HBO's third season of "Treme" opens, as one would expect, with music. A reflective, soaring rendition of "I'll Fly Away" with horns, vocals, and call-and-response exultation, but this is a very different New Orleans, and several musicians are arrested for playing in the street. And as Wendell Pierce's Antoine Batiste states, if the cops are complaining about the music being too loud, they're in the wrong town.
This season's theme hints at evolution, both natural and forced, if "Knock With Me - Rock With Me," is any indication. Compare the character's post-Katrina lives to the first season, and it's quite a difference, however subtle.
For example, Antoine Batiste, the jazz trombonist, has always been the heartbeat of the series. He used to hop in taxis cabs, going from gig to gig, sometimes leaving his trombone as collateral. He was a classic case of what many imagine as the New Orleans jazz musician. Clearly, since he's taken a job as a music director for a school, the respectability and "steady income" of the job is taking its course. His wife reminds him that it is time to grow up, but his curt response is "I'm a musician." Batiste is trying to do the right thing, but evolving is a painful experience for him, and we see it in his eyes and gestures. We see it as he leads the marching band on the field, frustrated by their inability to get the steps right.
Davis McAlary (Steve Zahn), the radio disc jockey and aspiring musician, is still full of ideas. He still wants to change the world. And maybe, given this season's opener, he might find some artistic solace. Meanwhile, his girlfriend, Annie (Lucia Micarelli), the violinist, has evolved from street performer to a well-received front woman of a band.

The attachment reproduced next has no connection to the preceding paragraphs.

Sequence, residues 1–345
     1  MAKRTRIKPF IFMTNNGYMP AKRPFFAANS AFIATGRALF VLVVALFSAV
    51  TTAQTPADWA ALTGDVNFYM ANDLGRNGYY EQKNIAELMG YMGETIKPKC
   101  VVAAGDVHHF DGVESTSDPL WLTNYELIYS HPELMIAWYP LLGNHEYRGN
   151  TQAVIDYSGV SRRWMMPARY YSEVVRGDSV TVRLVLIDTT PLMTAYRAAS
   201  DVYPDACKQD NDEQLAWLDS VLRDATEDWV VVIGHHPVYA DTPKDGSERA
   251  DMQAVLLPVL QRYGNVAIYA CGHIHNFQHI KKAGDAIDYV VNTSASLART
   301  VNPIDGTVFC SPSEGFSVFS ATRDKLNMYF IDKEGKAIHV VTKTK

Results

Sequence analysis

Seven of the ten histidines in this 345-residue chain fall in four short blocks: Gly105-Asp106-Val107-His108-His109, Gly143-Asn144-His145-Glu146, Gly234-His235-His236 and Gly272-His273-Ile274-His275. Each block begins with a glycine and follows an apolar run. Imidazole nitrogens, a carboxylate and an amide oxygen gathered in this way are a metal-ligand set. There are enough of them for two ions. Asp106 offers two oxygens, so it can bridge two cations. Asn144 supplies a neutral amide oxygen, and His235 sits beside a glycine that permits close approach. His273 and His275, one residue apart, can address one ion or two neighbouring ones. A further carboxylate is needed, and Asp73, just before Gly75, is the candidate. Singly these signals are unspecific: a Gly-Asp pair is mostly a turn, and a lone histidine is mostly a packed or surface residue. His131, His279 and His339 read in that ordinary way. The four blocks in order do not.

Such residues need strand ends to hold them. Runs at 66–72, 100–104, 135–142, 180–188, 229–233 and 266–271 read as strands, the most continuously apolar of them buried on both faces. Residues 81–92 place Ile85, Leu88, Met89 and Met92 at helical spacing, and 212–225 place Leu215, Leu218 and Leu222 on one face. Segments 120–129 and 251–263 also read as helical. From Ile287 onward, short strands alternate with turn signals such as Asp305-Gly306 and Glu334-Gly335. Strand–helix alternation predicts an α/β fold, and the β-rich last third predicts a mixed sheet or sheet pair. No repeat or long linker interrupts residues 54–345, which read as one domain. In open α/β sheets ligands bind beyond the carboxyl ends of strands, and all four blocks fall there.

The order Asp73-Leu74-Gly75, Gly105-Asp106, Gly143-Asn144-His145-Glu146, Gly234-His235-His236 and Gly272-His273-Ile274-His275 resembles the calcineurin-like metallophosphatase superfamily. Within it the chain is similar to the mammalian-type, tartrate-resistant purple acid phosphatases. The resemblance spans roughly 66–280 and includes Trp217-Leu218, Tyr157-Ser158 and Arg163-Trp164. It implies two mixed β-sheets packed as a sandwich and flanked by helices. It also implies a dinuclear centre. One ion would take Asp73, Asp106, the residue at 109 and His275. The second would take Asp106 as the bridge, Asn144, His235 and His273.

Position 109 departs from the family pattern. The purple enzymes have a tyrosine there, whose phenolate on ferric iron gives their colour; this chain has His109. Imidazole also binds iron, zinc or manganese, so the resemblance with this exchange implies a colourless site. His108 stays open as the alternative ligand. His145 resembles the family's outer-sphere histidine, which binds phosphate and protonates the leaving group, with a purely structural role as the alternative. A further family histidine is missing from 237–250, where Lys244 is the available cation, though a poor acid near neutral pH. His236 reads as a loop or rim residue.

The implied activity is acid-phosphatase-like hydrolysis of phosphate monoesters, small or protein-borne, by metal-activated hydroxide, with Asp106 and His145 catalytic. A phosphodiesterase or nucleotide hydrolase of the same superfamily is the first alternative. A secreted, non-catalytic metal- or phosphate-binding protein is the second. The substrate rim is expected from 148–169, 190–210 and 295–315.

Back in New York, trumpet player Delmond Lambreaux (Rob Brown) has just released his New Orleans Indian-inspired album, which to his consternation, receives (so far) a lukewarm response from critics. Back in New Orleans, Davis McAlary plays a track from the album, which also features Delmond's father, Albert Lambreaux (Clarke Peters), and we cut to him working on a house trying to convince his co-workers that it's his voice on the radio they're hearing.
LaDonna Batiste-Williams (Khandi Alexander), Antoine Baptiste's ex-wife, is making preparation to go back to her life of running a bar, which carries terrible memories from her attack last season.
In short: characters, characters, characters. If "Treme" shares anything with "The Wire" besides a few actors and creator David Simon, it's the emphasis on character. And in the case of "Treme," the music. The music is as much a character in the series as the players in the drama. Katrina is still felt, but "Treme" has moved beyond that tragic incident and is training its lens upon the machinations of the human condition, those evolving relationships, and the slippery intersection of art and life, leaving little room for imitation.
- Arts & Entertainment
- New Orleans